“Maybe Next Year”—A Short Story
If only he knew her, then he’d understand.
But knowing her equals heartache, and that she cannot bear. So she remains in the shadows, waiting for the perfect moment to reveal herself to him.
Her true self. Bare. Raw. Real.
But there never came a perfect moment.
They’re old now — together, but distant. They raised children and once they were grown and gone, that time was supposed to be theirs.
The moment still never happened.
They were busy, always, and they seemed to stay busy, even after retirement when there should have been nothing but time—there never was.
They’re old and, finally, she decides that there’s no better time than now. Her new perfect moment came as they sat at the small kitchen table set with three chairs—just in case one of their children comes to visit in their tiny, two-bedroom duplex in Portland.
“Honey,” she says. “I’ve been hiding something from you for all these years.”
Her hand begins to shake. She lowers the mug of cooling coffee with rice milk to the table. Grasping her right hand with her left to steady it, she took in a deep breath. “I’m not the woman who you think I am. The woman you thought I was. I’m . . .”
Her eyes began to well.
He looked at her, placing his iPhone 47s on the light wood table. “I know,” he said. “I know everything.”
Her heart flutters and her stomach tightens. “What do you mean?” quivers from her lips.
“I know everything,” he repeats, eyes jutting to hers, then back down to his mug. “I know exactly who you are.” He pauses, Adam’s Apple bobbing in his throat. “I know who I married, Dear.”
Dear? She thought. Me ‘Dear’? Who’s ‘Dear’?
“I’m not stupid,” he says and lifts his phone from the table.
“I didn’t think you were.” A tear creeps over her water line and traces the soft wrinkles around her eyes, trailing down around her mouth and drips onto her deflated chest.
‘“What do you know?”
She wants to say what do you think you know, but she knew he’d be upset by the presumption. He always was. That’s why she never said anything. She was always talking, but never saying anything.
It had been almost forty years and her looks have faded, her body, once large yet supple and still desired by men of many preferences, now hung in slumps of aged flesh.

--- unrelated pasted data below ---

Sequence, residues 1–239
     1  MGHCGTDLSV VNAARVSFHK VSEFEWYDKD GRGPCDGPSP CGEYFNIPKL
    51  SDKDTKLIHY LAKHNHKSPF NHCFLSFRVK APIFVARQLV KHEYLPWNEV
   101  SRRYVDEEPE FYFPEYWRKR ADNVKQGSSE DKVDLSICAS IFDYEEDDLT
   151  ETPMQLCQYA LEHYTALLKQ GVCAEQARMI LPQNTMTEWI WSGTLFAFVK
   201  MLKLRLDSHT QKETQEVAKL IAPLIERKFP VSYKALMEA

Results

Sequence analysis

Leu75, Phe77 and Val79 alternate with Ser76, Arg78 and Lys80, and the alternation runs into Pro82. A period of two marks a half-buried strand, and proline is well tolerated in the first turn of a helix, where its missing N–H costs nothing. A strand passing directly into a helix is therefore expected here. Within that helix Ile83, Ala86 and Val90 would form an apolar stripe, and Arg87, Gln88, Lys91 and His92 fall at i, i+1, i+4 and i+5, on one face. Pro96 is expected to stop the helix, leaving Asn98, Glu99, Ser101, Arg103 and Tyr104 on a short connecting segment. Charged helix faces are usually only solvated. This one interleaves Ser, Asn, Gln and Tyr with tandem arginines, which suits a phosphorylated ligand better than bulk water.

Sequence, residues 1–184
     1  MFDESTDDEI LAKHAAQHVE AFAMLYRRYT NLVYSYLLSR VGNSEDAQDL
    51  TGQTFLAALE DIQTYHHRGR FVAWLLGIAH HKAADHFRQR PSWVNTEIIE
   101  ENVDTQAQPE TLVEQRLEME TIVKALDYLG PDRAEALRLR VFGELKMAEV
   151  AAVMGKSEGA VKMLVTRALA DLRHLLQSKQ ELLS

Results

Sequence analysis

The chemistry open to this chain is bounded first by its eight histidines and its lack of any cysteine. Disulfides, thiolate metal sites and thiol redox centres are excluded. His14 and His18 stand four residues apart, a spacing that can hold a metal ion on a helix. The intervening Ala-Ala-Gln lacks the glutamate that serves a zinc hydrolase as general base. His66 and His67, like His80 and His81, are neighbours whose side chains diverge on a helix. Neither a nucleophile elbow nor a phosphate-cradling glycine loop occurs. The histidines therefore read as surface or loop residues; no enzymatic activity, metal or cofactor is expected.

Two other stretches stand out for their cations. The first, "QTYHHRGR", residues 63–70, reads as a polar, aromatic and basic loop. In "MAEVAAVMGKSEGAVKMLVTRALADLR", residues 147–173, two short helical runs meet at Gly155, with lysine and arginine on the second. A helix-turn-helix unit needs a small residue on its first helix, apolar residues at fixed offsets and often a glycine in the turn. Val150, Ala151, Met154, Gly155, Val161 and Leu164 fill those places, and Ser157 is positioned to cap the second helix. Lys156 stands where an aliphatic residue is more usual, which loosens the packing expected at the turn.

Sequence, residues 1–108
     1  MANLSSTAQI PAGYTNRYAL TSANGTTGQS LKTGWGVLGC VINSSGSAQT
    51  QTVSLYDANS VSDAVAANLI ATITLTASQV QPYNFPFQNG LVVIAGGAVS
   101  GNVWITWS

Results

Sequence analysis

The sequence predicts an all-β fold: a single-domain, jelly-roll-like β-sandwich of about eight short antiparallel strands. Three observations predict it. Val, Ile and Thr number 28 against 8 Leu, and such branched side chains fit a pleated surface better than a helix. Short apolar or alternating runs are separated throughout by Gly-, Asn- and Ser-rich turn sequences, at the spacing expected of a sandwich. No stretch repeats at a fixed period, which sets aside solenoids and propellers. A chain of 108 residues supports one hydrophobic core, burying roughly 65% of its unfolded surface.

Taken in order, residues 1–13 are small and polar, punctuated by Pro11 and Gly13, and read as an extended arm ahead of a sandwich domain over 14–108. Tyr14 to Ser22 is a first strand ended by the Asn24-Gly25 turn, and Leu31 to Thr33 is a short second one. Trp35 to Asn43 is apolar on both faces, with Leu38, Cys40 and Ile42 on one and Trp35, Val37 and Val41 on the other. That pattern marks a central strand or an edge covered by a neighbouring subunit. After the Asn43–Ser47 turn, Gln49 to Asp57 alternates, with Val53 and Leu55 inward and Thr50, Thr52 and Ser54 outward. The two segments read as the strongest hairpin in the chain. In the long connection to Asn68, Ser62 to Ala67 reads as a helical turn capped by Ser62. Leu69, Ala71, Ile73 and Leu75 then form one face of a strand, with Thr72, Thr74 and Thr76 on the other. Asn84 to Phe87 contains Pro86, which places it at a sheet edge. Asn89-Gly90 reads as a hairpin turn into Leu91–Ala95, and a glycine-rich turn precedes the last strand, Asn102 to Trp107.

He, once large too, had gotten in shape in his mid-thirties. His skin was rough, but his body was mobile and enough to start again.
She, however, felt ‘done’. Broken.
There was no going forward or moving on for her. She was an old woman, unsightly to most. This is what she had, everything she had.
Men become more appealing with age while women grow tired and worn—at least in the eyes of society. Such is life, I suppose.
“I know everything,” he repeats, eyes fused to his phone’s screen.
She turns her face to the window and sighs.
Maybe I’ll tell him next year. She stares at his still handsome face for a moment. His eyes meet hers for a moment, then drop back down to his phone. She swallows her climbing heartbeat and peers out the window again.
The world hasn’t changed as much as they thought it would. She, at one point, thought that wouldn’t be so with him, though.
He changed his body and he grew as a father, lover, and friend to others. But not enough to help her muster the courage to tell him.
Maybe he does know everything. Maybe he’s content in not knowing.
But the guilt . . . The guilt is what tears her up inside, leaving him perceptively unscathed to the world.
Maybe next year, she thinks. Maybe next year.
I’m Sara Eatherton-Goff, a multi-passionate mom-person with a whole bunch of other things in betwixt. I’m presently writing on Medium and other publications, and you can find me at GoffCreative.com.
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